Howard then introduced the Robert Dahl’s classic definition of power, which is the ability to make someone do something they would not have done otherwise. She argued that peacekeepers exercise three essential means of power: persuasion, inducement, and coercion. She illustrated the argument about these three means of power using pictures from her own field research. She has conducted field research since the 1990s in several countries, including in Namibia, Lebanon and the Central African Republic. All peacekeeping missions employed all these three powers, and in missions in these three countries, peacekeepers employed one of the forms of power as primary power.

 In Namibia, the power of persuasion was the main means employed. Peacekeepers mediated disputes, shamed leaders who weren’t going along with the program, reached out to the public with information about what the peacekeepers were trying to accomplish, and engaging in learning from Namibians about how to help build new institutions. These methods appealed to people’s good will to move on from violence.

 In Lebanon, inducement has proven the main means of power. Peacekeepers provide development aid, veterinary assistance and medical assistance, and have set up trust funds. In addition, the Security Council issued negative inducements in the form of sanctions to restrict markets, in order to change people’s behaviors. Peacekeepers have also helped to build institutions. We see in some cases, however, the development of peacekeeping economy. UNIFIL in southern Lebanon is currently the largest formal-sector employer.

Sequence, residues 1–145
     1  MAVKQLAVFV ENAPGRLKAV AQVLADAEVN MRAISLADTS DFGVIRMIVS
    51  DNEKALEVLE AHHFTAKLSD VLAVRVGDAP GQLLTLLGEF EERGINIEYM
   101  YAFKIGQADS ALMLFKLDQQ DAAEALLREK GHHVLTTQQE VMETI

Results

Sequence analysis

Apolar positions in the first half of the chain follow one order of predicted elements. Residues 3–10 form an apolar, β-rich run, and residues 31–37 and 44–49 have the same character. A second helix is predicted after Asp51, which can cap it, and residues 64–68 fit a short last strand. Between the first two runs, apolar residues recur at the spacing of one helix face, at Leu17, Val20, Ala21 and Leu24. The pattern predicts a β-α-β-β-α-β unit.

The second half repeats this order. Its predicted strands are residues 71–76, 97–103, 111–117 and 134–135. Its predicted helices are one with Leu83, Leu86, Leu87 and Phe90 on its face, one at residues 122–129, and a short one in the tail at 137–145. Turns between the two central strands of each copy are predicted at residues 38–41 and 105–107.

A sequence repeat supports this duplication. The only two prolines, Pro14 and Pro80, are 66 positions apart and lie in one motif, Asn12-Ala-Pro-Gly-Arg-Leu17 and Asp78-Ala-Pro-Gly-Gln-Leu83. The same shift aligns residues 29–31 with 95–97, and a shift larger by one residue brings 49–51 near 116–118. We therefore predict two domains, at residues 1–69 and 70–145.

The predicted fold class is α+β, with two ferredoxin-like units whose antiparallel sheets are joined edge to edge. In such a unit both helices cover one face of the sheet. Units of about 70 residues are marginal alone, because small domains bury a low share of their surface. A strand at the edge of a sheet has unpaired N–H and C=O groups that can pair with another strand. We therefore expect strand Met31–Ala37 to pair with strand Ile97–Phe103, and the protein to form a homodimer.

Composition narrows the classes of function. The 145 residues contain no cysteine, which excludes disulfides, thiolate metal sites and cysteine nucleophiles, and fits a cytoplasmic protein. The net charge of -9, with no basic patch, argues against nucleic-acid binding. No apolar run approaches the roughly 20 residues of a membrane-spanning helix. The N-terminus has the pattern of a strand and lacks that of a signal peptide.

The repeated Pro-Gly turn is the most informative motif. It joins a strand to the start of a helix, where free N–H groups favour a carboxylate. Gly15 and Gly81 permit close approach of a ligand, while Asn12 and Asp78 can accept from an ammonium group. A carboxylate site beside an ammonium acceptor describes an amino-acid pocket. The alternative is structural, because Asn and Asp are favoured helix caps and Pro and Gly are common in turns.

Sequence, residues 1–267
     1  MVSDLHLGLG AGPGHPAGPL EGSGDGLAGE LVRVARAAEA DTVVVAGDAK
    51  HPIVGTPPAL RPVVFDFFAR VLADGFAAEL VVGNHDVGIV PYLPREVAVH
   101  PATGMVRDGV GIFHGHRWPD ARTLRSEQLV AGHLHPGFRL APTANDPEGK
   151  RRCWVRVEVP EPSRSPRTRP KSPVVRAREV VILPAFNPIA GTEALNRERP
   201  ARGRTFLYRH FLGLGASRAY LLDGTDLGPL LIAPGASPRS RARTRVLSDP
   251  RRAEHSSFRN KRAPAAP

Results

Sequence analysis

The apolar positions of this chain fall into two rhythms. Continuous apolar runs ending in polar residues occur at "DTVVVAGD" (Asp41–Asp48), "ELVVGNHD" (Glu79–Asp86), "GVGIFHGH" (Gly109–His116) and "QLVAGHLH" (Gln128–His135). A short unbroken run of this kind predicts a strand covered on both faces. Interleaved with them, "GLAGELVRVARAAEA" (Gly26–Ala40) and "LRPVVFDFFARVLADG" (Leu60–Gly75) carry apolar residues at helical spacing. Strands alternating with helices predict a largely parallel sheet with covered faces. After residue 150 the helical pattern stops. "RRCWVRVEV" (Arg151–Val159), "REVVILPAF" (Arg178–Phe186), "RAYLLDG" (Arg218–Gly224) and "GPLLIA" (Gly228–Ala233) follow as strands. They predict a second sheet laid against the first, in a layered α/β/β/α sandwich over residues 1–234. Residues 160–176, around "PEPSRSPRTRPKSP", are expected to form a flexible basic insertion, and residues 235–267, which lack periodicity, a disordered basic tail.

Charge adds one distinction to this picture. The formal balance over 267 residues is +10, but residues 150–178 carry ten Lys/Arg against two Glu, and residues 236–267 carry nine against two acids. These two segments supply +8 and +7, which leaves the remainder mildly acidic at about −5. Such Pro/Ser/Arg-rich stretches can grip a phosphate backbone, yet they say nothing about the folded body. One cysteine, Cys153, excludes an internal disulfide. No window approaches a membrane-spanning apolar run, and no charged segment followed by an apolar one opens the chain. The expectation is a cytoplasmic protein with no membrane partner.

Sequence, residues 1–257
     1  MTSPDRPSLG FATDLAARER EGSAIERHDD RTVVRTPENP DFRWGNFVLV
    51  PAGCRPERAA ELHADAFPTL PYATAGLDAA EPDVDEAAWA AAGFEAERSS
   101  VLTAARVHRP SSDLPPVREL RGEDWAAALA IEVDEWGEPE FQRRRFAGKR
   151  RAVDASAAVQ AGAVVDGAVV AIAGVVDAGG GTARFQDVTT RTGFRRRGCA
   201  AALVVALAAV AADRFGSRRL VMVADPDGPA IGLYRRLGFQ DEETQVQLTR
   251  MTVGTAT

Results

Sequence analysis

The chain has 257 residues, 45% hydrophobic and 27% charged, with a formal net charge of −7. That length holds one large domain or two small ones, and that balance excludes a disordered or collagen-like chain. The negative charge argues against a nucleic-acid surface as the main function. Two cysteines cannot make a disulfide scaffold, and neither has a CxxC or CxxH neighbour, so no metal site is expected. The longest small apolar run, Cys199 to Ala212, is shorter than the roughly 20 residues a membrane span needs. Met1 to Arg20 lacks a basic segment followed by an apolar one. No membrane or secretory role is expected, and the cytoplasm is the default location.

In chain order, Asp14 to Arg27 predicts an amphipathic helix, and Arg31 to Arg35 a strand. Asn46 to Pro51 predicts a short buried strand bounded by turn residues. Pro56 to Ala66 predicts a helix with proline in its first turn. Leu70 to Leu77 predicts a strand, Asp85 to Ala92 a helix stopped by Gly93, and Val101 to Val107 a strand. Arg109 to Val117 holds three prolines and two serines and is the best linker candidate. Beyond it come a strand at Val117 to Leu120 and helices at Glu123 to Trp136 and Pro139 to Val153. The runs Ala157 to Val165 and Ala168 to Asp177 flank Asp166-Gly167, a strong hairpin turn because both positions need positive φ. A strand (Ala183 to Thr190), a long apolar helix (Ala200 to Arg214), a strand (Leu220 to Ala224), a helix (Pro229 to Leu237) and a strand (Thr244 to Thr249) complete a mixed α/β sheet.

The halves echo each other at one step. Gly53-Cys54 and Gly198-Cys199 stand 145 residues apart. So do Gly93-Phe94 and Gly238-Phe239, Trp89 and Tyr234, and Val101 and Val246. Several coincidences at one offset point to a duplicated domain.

In the Central African Republic, peacekeepers have tried employing coercion. Peacekeepers are designed neither to compel nor to wage offensive military force to achieve their ends, but they do exercise other forms of coercion. They can defend themselves in order to protect civilians and can counterattack when they’re attacked. Also, they surveil during patrols, observing and collecting information. In the case of East Timor and the Central African Republic, the coercive power of arrest was exercised for both punishment and law enforcement mechanisms. Prof. Howard argued that peacekeepers engage in certain types of coercion such as defense, arrest, and surveillance, but not compellence or the offensive use of military force.

 In conclusion, peacekeeping has been proven effective in many ways. Peacekeepers exercise power through persuasion, inducement, and some forms of coercion. Single states tend to be more effective at exercising offensive military force. Prof. Howard submitted that a better scholarly understanding of the essential means of power could improve the practice of peacekeeping where peacekeepers could be acknowledged, work more concertedly, and get trained for the activities that they are designed to perform.

Report by Mihoko Iijima, edited by Lise Howard and Ai Kihara-Hunt